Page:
IR35 – what businesses and contractors need to know
What is IR35?
The off-payroll working rules, commonly known as IR35, are a set of regulations designed to clamp down on tax avoidance via disguised employment. This is where workers with the rights and expectations consistent with an employee incorrectly operate as contractors through a personal service company (PSC). Businesses and contractors inside the remit of IR35 are liable to pay further tax (along with penalties and interest), while those outside its remit are unaffected.
How is IR35 changing?
Currently, only public sector clients are required to assess the IR35 status of contractors. In the private sector, this responsibility lies with the contractor’s PSC. However, from April 2021 this is changing, with private sector clients being made to conduct IR35 assessments instead of the contractor’s PSC.
How might this affect businesses and contractors?
IR35 is a complex piece of legislation, so much so that HMRC itself has lost the majority of court cases concerning IR35. Businesses may fear the prospect of a lengthy HMRC investigation, which can trace back as far as six years. This means many businesses may force legitimate contractors to be classed as employees, or cease working with contractors for good.
Am I inside or outside IR35?
Although HMRC offers an online tool, called CEST, it is only a rough guide when it comes to tax obligations. Various industry and trade bodies have spoken out on the issue, claiming that the tool is misleading. This is because IR35 legislation is all about the detail: it concerns itself with the relationship between the two parties. Those outside IR35 fall under a relationship between two businesses, while those inside IR35 have a relationship similar to that of an employer and an employee.
How can I steer clear of IR35?
Remaining outside IR35 is about not taking on the characteristics of an employee. Ways to do this include:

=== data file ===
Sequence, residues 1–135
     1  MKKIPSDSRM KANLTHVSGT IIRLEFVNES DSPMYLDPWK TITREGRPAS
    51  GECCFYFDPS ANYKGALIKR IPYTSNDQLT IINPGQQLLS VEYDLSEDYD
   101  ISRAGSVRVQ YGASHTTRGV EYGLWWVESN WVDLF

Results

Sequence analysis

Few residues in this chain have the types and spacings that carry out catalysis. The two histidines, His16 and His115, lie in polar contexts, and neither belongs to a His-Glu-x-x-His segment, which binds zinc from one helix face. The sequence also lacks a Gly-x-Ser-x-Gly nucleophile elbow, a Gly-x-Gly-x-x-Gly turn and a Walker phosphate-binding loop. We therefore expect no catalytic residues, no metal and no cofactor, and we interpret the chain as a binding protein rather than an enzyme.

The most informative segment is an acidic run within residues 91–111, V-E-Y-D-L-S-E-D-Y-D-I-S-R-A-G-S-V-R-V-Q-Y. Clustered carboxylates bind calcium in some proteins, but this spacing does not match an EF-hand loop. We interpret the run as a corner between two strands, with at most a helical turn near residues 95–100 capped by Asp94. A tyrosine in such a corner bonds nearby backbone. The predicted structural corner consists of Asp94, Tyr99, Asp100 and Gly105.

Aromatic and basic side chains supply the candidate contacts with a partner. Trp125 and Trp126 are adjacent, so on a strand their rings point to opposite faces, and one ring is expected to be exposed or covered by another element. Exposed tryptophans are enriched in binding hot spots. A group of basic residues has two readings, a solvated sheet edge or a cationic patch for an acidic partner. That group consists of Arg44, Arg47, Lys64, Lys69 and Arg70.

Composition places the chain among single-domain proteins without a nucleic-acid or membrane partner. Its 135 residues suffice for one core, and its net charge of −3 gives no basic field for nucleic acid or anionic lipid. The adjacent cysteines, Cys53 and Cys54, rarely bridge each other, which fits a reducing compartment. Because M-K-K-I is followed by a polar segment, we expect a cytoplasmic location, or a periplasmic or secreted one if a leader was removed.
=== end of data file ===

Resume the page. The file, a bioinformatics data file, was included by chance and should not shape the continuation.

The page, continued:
• Avoiding submitting an incorrect or late tax return, as this may be the starting point for a HMRC investigation. Use a qualified accountant to manage this for you.
• Not taking typical employee benefits, such as pensions, training and tools, whilst ensuring that you don’t have defined working arrangements, like minimum hours. Project-based, rather than time-based work is more likely to fall outside IR35. Record this information, as well as client correspondence, in a contractor’s log, ready for a possible investigation or tribunal.
• Getting the contract reviewed by an independent expert, such as a solicitor, who can determine the IR35 risk for both parties. Confirm with the firm that you are working outside IR35, and mention this in the contract. Ensure you are not named in the contract – this is important as contracting companies must be able to demonstrate a right of substitution.
• Professionalising your PSC: ensure that its title does not refer to your name, produce a website and marketing materials, and take out appropriate indemnity insurance.
• Avoiding mutuality of obligation, where the firm is required to provide work and the worker is required to carry it out. Exercise your right to reject work.
• Contracting for multiple clients simultaneously, which will prevent HMRC suggesting that you are an ‘economically dependent’ employee, working inside IR35.
Contact Quilfords today to learn how we can help contractors stay within tax laws.